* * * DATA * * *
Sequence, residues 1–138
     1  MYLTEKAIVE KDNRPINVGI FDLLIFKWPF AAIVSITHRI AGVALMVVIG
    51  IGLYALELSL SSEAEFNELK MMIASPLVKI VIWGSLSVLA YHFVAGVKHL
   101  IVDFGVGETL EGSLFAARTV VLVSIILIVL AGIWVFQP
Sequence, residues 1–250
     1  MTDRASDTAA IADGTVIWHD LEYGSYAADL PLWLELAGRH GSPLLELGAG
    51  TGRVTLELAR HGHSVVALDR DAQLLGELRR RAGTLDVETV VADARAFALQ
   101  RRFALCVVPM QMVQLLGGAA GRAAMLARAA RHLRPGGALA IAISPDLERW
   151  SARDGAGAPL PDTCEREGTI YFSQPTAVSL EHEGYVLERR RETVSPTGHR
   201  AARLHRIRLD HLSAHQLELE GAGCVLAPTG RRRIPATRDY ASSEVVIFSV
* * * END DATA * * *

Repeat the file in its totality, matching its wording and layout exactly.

Sequence, residues 1–138
     1  MYLTEKAIVE KDNRPINVGI FDLLIFKWPF AAIVSITHRI AGVALMVVIG
    51  IGLYALELSL SSEAEFNELK MMIASPLVKI VIWGSLSVLA YHFVAGVKHL
   101  IVDFGVGETL EGSLFAARTV VLVSIILIVL AGIWVFQP
Sequence, residues 1–250
     1  MTDRASDTAA IADGTVIWHD LEYGSYAADL PLWLELAGRH GSPLLELGAG
    51  TGRVTLELAR HGHSVVALDR DAQLLGELRR RAGTLDVETV VADARAFALQ
   101  RRFALCVVPM QMVQLLGGAA GRAAMLARAA RHLRPGGALA IAISPDLERW
   151  SARDGAGAPL PDTCEREGTI YFSQPTAVSL EHEGYVLERR RETVSPTGHR
   201  AARLHRIRLD HLSAHQLELE GAGCVLAPTG RRRIPATRDY ASSEVVIFSV